Thanks for the clarifying mail, Bill. It helped a lot.
Below, Mike and I (we're writing this together) will respond briefly
to a couple of the things you said, and then describe the proposal
we've worked out. We *think* it's the same thing you've been
proposing all along, we just want to describe it in our own words to
> Relatedness: Needs to be very fast. O(1)
> Immediate Predecessor: Needs to be very fast, but could be slightly
> slower than the Relatedness check if necessary. O(1)
> Ancestry check: Needs to be efficient, but by necessity is going to be
> more expensive then the immediate predecessor check. O(n)
+1 on all of these.
Note that the ancestry check is really only used during merge(), that
is, during commits. If entry "somedir/blah" has NodeID Y in the txn
being committed, and NodeID X in head tree being merged into that txn,
then we need to make sure X is an ancestor of Y, so that when the
commit replaces X with Y, we know we're not losing any history.
(You probably already knew this, I'm just describing it for my own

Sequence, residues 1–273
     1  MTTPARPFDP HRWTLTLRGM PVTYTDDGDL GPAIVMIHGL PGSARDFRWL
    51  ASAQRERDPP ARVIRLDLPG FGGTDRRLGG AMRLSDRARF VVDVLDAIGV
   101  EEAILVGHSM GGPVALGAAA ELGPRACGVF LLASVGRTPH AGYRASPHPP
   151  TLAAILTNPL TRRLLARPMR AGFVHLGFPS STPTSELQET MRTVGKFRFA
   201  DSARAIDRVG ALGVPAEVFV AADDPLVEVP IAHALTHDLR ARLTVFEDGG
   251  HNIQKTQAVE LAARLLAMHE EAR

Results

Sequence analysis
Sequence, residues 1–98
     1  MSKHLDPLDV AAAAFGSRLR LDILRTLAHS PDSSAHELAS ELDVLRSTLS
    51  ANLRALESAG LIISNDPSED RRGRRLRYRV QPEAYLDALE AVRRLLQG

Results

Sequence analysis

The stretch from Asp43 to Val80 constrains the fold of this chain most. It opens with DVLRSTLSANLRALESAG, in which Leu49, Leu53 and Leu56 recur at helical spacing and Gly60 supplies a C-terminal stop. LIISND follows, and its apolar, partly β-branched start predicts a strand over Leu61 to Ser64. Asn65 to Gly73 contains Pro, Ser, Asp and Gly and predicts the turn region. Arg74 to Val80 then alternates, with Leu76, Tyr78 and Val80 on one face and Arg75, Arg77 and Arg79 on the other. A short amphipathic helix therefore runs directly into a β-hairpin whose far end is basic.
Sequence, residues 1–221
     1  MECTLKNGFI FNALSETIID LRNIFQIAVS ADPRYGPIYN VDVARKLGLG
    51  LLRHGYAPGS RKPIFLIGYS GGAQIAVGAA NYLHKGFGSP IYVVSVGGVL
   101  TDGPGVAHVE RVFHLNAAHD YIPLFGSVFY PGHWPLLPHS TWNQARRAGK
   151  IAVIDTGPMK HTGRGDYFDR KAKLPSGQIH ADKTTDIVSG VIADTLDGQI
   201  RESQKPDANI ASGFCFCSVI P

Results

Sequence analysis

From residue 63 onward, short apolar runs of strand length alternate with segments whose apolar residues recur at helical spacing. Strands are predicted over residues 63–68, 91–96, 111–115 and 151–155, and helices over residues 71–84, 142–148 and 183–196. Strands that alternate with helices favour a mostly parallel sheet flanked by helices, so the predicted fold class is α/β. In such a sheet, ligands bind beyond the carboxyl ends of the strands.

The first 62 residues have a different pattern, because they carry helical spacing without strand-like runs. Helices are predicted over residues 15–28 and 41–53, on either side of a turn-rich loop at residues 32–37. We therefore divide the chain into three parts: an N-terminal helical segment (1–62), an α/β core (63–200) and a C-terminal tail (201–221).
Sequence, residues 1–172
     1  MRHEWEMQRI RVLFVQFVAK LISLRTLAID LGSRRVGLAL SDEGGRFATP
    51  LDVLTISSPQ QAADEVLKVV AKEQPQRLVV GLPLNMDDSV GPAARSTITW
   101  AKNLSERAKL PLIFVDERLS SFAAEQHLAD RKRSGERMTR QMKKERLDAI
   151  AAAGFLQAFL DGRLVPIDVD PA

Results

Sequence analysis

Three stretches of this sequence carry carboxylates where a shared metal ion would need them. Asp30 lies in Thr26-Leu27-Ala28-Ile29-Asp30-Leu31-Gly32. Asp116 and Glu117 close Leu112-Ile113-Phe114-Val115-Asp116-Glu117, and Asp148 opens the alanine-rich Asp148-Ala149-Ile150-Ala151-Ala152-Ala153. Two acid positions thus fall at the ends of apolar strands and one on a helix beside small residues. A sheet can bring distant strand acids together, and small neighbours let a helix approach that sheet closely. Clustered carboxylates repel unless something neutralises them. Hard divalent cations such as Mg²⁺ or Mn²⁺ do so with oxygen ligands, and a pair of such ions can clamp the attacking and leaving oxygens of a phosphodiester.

sanity and that of others on this list.)
Therefore, we think we can get away with storing the ancestors in a
distributed fashion, as a chain: each node knows its immediate
predecessor (or "precessors", in the future), and you walk back until
you have your answer. In real life, we won't usually be walking back
too far, and, as we'll describe below, there's a technique by which we
can bound the search even further.
As you pointed out, we *could* store a node's full ancestry set for
each revision of that node, in a separate table or something. If
performance demands that, we will, but we're guessing it's not needed.
(And, as we just discussed on the phone, some of tree.c:merge() can be
made more efficient, to minimize the impact of an O(N) ancestry
> However, the current is_related() check is implemented by performing an
> Ancestry check. So, the current performance of is_related() is currently
> O(n) as opposed to what it hopefully should be: O(1).
Yup, this becomes O(1) in the new proposal.
Okay, now we're going to describe the plan we've come up with, which
will sound suspiciously like the plan *you* came up with. Funny